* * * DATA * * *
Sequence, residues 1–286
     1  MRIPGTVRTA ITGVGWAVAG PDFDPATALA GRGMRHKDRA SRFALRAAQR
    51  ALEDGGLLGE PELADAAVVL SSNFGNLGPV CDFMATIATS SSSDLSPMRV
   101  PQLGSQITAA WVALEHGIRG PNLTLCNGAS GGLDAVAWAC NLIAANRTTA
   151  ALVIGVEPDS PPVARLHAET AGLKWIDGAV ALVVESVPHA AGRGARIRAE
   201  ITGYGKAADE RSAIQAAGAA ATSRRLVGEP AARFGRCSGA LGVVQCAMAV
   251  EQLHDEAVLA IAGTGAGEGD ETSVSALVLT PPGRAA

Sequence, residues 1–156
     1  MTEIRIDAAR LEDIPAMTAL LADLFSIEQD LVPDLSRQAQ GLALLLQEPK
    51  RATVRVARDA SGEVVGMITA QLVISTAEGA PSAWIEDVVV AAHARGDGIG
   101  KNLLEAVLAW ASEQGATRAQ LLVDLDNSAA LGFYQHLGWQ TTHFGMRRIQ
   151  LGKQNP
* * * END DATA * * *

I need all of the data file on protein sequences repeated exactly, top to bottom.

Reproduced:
Sequence, residues 1–286
     1  MRIPGTVRTA ITGVGWAVAG PDFDPATALA GRGMRHKDRA SRFALRAAQR
    51  ALEDGGLLGE PELADAAVVL SSNFGNLGPV CDFMATIATS SSSDLSPMRV
   101  PQLGSQITAA WVALEHGIRG PNLTLCNGAS GGLDAVAWAC NLIAANRTTA
   151  ALVIGVEPDS PPVARLHAET AGLKWIDGAV ALVVESVPHA AGRGARIRAE
   201  ITGYGKAADE RSAIQAAGAA ATSRRLVGEP AARFGRCSGA LGVVQCAMAV
   251  EQLHDEAVLA IAGTGAGEGD ETSVSALVLT PPGRAA

Sequence, residues 1–156
     1  MTEIRIDAAR LEDIPAMTAL LADLFSIEQD LVPDLSRQAQ GLALLLQEPK
    51  RATVRVARDA SGEVVGMITA QLVISTAEGA PSAWIEDVVV AAHARGDGIG
   101  KNLLEAVLAW ASEQGATRAQ LLVDLDNSAA LGFYQHLGWQ TTHFGMRRIQ
   151  LGKQNP